Everyone loves a free campsite, we’ve even posted about them on the site, but what are the hidden costs of pitching a tent without spending a cent? James Shackell takes a look at how free camping is changing in Australia.
Things were different for Banjo Patterson. When he wrote Waltzing Matilda in 1895, camping in Australia wasn’t exactly ‘regulated’. Jolly swagmen just pitched a tent by the nearest billabong, under the shade of a Coolabah tree.
In 2019, the Coolabah tree has probably been logged, global warming has dried up the billabong, and the swagman would cop a fine for an unauthorised open fire (evocative bush poetry is a much tougher gig these days).
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Strictly No Camping
Camping in Australia, particularly free camping, has become a bit of a regulatory mess. There’s no federal law against pitching a tent in the Australian wilderness, but there is an overlapping hodgepodge of state laws, regional policies and council red tape. National Parks are usually the state government’s business, but local shires control roadside campgrounds, some caravan parks, and anything without official NP status.
But should we have the right to pitch our tent anywhere? If we’re careful and pick up our rubbish, where’s the harm? It’s just a patch of dirt, after all.
That’s the argument put forward by most campers. But anyone in the regional tourism industry will tell you: things are never that simple.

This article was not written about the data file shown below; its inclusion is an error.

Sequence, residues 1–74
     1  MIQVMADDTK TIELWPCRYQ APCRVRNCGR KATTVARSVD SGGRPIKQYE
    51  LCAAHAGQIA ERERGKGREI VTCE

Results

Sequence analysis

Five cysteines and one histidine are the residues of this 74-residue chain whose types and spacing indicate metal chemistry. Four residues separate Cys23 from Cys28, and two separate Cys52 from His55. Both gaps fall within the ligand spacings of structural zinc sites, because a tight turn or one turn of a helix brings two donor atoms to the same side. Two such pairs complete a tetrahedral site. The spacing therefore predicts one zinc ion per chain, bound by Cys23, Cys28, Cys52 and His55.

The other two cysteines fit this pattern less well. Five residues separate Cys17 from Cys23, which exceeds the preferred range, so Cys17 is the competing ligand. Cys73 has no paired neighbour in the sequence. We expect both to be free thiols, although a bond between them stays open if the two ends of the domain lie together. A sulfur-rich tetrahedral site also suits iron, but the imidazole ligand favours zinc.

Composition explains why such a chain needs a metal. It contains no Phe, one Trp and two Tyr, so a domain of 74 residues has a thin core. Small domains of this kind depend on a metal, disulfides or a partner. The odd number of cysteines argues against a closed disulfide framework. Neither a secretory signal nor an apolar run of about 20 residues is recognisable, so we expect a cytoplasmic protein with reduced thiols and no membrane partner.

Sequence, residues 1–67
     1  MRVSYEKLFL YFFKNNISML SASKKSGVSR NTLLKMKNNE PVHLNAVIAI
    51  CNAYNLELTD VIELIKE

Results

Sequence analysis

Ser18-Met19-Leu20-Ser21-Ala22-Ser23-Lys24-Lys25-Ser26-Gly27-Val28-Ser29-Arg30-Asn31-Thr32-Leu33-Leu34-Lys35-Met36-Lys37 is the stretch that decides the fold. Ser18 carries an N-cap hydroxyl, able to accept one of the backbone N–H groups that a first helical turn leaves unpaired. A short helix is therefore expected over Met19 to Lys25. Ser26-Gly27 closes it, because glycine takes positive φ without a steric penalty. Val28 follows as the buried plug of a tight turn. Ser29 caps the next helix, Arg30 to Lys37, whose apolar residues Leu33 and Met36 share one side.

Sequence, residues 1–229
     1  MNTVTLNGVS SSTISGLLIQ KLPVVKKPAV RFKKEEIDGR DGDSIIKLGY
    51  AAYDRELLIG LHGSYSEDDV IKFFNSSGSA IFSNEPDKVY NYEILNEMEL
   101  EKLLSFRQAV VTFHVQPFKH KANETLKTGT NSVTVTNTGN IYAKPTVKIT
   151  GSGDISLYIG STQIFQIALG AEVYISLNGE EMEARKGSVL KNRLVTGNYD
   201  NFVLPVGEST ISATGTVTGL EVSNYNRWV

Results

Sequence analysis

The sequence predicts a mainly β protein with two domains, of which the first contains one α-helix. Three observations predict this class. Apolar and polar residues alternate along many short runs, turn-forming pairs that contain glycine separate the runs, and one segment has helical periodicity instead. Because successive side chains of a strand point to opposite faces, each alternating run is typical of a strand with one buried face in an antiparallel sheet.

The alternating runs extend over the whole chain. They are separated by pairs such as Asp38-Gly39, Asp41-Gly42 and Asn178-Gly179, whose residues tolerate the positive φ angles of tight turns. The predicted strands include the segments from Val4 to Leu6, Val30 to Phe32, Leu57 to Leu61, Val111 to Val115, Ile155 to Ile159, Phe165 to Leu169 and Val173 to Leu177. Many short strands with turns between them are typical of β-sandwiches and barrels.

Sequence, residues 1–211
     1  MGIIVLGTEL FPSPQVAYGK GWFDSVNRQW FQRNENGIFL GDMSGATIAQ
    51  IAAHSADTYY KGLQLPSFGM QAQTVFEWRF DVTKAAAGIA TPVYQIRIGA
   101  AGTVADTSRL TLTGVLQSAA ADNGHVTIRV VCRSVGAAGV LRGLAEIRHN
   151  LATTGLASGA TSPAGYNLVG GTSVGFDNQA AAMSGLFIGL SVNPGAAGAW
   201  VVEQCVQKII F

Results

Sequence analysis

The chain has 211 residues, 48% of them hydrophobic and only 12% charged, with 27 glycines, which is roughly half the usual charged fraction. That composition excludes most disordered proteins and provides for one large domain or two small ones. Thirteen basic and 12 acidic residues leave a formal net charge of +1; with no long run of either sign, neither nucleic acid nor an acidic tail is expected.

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The End Of The Caravan Park
Earlier this year the Tasmanian state government introduced a new policy. Any free or low-cost camping now has to compete on ‘fair and even grounds’ with private businesses nearby. In other words, caravan parks.
Industry figures show that caravan parks across Tasmania have been closing rapidly – down 25% in the last decade. There are now just 77 parks left in the state, and private owners say that free campgrounds are making the business model unsustainable. Caravan parks are basically the new Blockbuster Video.
It makes sense. Parks have to pay council rates, insurance, water bills, electricity, rubbish disposal and so on. Free campsites have basically zero overheads. And with the rise of adventure travel (the industry is expected to tip $1,335,738 million by 2023) more and more campers are choosing remote-but-cheap over convenient-but-pricey. That’s putting a serious squeeze on local businesses. Free campsites have even been banned in the Meander Valley.
But Richard Barwick from the Caravan & Motorhome Club of Australia says caravan parks have held a monopoly for too long. ‘What really matters is freedom of choice. You should have a choice of low-cost campsite or a caravan park or an Airbnb or whatever. You shouldn’t be forced into using a product,’ he says.
‘We shouldn’t get anything for free. We shouldn’t even talk about free,’ Richard says. ‘We should talk about low-cost camping – because everything comes at a cost, and that’s not always a commercial value.’
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You Get Nothing For Nothing